region 16

We’re taking questions about mental health

We have this ^^ panel of experts to answer them. Ask about the stigma surrounding mental health that exacerbates the problem and keeps people from seeking treatment. Ask about the disproportionate impact this has on minorities and vulnerable communities. Ask about improvements in data and science that’s transforming our understanding of mental health and treatment. Ask anything you want. Anons welcome.

We’ll be taking questions until Wednesday, October 19 and start posting answers on Saturday, October 22nd.

And you can read more about our panel after the jump,

Keep reading

Revisiting an icon: Hubble captures the Pillars of Creation twenty years on

The NASA/ESA Hubble Space Telescope has captured many breathtaking images of the Universe, but one snapshot stands out from the rest: the Eagle Nebula’s Pillars of Creation. In 1995 Hubble’s iconic image revealed never-before-seen details in the giant columns and now the telescope is kickstarting its 25th year in orbit with an even clearer, and more stunning, image of these beautiful structures.

The three impressive towers of gas and dust captured in this image are part of the Eagle Nebula, otherwise known as Messier 16. Although such features are not uncommon in star-forming regions, the Messier 16 structures are by far the most photogenic and evocative ever captured. The Hubble image of the pillars taken in 1995 is so popular that it has appeared in film and television, on tee-shirts and pillows, and even on postage stamps.

Now Hubble has revisited the famous pillars, capturing the multi-coloured glow of gas clouds, wispy tendrils of dark cosmic dust, and the rust-coloured elephants’ trunks with the newer Wide Field Camera 3, installed in 2009. The visible-light image builds on one of the most iconic astronomy images ever taken and provides astronomers with an even sharper and wider view.

In addition to this new visible-light image, Hubble has also produced a bonus image. This image is taken in infrared light, which penetrates much of the obscuring dust and gas and unveils a more unfamiliar view of the pillars, transforming them into wispy silhouettes set against a background peppered with stars. Here newborn stars, hidden in the visible-light view, can be seen forming within the pillars themselves.

Although the original image was dubbed the “Pillars of Creation”, this new image hints that they are also pillars of destruction. The dust and gas in these pillars is seared by intense radiation from the young stars forming within them, and eroded by strong winds from massive nearby stars. The ghostly bluish haze around the dense edges of the pillars in the visible-light view is material that is being heated by bright young stars and evaporating away.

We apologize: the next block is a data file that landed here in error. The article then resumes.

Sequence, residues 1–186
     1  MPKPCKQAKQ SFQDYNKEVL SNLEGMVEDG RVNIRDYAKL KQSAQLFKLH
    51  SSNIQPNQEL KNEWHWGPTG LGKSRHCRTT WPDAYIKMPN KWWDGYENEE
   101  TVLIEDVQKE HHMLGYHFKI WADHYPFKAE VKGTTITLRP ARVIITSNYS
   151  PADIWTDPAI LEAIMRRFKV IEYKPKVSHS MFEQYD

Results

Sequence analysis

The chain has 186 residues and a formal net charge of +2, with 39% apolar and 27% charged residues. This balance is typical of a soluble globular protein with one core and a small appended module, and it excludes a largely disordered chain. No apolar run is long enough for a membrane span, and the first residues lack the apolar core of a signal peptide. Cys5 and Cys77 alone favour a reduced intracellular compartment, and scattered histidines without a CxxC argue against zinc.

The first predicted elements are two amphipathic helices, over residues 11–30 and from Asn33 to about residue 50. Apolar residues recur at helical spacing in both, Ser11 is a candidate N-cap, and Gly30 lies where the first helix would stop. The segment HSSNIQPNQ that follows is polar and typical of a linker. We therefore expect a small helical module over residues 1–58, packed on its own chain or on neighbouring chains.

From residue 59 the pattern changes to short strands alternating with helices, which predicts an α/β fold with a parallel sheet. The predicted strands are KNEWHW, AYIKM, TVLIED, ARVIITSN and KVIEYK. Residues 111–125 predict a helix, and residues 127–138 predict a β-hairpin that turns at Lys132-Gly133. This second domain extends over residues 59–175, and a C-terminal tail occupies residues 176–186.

With these new images come better contrast and clearer views of the region. Astronomers can use these new images to study how the physical structure of the pillars is changing over time. The infrared image shows that the reason the pillars exist is because the very ends of them are dense, and they shadow the gas below them, creating the long, pillar-like structures. The gas in between the pillars has long since been blown away by the winds from a nearby star cluster.

At the top edge of the left-hand pillar, a gaseous fragment has been heated up and is flying away from the structure, highlighting the violent nature of star-forming regions.

These massive stars may be slowly destroying the pillars but they are also the reason Hubble sees the structures at all. They radiate enough ultraviolet light to illuminate the area and make the clouds of oxygen, hydrogen and sulphur glow.

Image credit: NASA, ESA/Hubble and the Hubble Heritage Team

okay, listen, my theory about pokemon sun/moon: They Are Going To Be a Two-Region Game Connected to Kalos
  • Nintendo has never not released some sort of third version
  • but they HAVE shaken up traditions, like there being two sequels in Black/White 2
  • There are unused areas and plot points in Kalos like:
  • the locked doors in the Power Plant
  • the TRAIN STATION that currently goes to nowhere in Couriway Town
  • THIS DUDE:

  • There were unexplained ghost girls too but moving on:
  • THE DEFINING FEATURE OF AN ENTIRE TOWN WAS ITS AUSPICIOUS SUNDIAL:
  • a Hex Maniac in Anistar mentions that THERE ARE MOONDIALS TOO

AND OKAY SO:

  • ZYGARDE gets introuded to be much more complicated than first presented in XY, with a variety of formes and shit? Pretty much being a core being that gathers little symbiotes up to be a bigger creature
  • Even though four new Zygarde variants are introduced in the movies/anime, they’ve yet to make their way into the game